Evolutionary origin of religions There is general agreement among scientists that a propensity to engage in religious behavior evolved early in human history. However, there is disagreement on the exact mechanisms that drove the evolution of the religious mind. There are two schools of thought.
Readers with little interest in religion can be assured that the sections on Evolution, Games, and Morality are not somehow compromised by the presence of the small minority of evolution of religion papers.
I found Evolution, Games, and God highly useful and was delighted to better understand the various, sometimes conflicting, positions presented. As the editors say, this book "aims to provide a compact and thought-provoking account of the scholarly advances and disagreements in this intriguing field of study, and to serve as a platform for debate.
Perhaps some readers will find them useful. We are told in the introduction that "Cooperation is a form of working together in which one individual pays a cost in terms of fitness, whether genetic or cultural and another gains a benefit as a result. The cooperation definition is more accurately called "costly cooperation".
Other forms of cooperation, such as mutualism and coordination in which no one necessarily pays a cost, may have nothing to do with morality and leaving them out of the definition of "cooperation" is confusing.
A definition like "Altruism is a form of costly cooperation in which an individual acts without consideration of future benefits" is much better tailored for science of morality discussions.
It avoids nonsense conclusions such as: Costly cooperation strategies solve a cross-species universal dilemma: This dilemma is inherent in our physical reality, independent of any biology or mathematics, and therefore morality's actual ultimate source.
Descriptively moral behaviors such as those motivated by empathy and advocated by enforced cultural moral norms are most revealingly understood as just different solutions to this universal dilemma.
I would have liked to have seen a good discussion of the necessary and central role of punishment in maintaining virtually all costly cooperation strategies as the game theorist Herb Gintis likes to point out.
Such a discussion would make it much easier to understand the common selection force cooperation benefits responsible for the evolution of the emotion guilt which provides efficient internal punishment for moral violationsindignation provides motivation to punish other's bad behaviorcultural moral codes when internalized, violations trigger guilt and synchronized group indignationreligion supernatural detection and punishment of bad behaviorand rule of law formally organized and authorized community detection and punishment of standardized definitions of bad behavior.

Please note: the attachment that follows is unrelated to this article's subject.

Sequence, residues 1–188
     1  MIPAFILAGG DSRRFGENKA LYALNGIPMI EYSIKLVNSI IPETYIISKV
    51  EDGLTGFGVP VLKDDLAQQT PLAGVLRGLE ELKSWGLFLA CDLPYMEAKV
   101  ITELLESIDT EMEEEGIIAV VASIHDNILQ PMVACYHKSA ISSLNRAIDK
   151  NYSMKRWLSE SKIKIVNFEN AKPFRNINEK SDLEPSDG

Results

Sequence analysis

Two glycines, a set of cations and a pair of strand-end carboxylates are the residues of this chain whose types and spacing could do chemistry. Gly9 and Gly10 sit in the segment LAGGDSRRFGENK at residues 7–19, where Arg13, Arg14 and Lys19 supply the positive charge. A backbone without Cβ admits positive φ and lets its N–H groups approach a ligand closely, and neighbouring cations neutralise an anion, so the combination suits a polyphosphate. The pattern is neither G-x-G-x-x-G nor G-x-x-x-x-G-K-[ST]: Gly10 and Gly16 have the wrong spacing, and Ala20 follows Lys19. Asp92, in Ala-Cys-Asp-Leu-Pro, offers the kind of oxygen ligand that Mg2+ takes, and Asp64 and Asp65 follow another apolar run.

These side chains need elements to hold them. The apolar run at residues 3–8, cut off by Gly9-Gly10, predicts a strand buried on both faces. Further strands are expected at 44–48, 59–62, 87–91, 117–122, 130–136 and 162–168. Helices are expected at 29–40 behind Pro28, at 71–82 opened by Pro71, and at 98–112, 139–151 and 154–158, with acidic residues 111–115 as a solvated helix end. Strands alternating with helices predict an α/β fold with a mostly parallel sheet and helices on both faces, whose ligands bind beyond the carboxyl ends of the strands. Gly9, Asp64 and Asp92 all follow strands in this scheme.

The book's moral philosophy papers largely focus on how the science of morality enables us to better understand moral intuitions which are arguably the grounding basis for much of moral philosophy.
I found it curious that there was no discussion of the simplest and most obvious means of making the science of morality culturally useful. Perhaps it was considered too obvious to discuss how the science of morality can reveal the best strategies for increasing the benefits of cooperation in groups the evolutionary function of morality.
These comments focus on my disagreements with the text.
But disagreements are fully consistent with the book's goals. Those goals were to coherently present well-informed positions in the field to prompt discussions and "to serve as a platform for debate.The Insight Show Notes — Season 2, Episode 7: the genetics of Native Americans Ancient Beringians.
This week on The Insight (Apple Podcasts and Stitcher) Razib Khan and Spencer Wells discuss the genetics and history of Native Americans, from the icy shores of the Arctic and to the frigid windswept plains of Patagonia, and all places in between.A 15, years story of migration and settlement.
To ask other readers questions about Evolution, Games, and God, please sign up. Be the first to ask a question about Evolution, Games, and God This is an absolutely fascinating book. It addresses the ineffable, in one sense.
The book explores evolutionary theory from several perspectives--scientific /5(5). Evolution, Games, and God. The Principle of Cooperation. By met periodically for three years at Harvard under the leadership of theologian Sarah Coakley and mathematical biologist Martin Nowak.
The book’s purpose is to show that evolutionary processes can give rise to many forms of cooperation.
The vast background of evolutionary. Charles Darwin was born in , seven years after his grandfather Erasmus had died. Charles grew up during a conservative period in British and American society, shortly after the Napoleonic Wars.
At a time of unprecedented expansion in the life sciences, evolution is the one theory that transcends all of biology. Any observation of a living system must ultimately be interpreted in the context of its evolution.
This is strikingly beautiful – one of the best I’ve read from you. One somewhat rambling thought I took away from this post, oddly enough, is that – in the face of a potential superintelligence – the status quo is not the only alternative to trying to build a Friendly AI.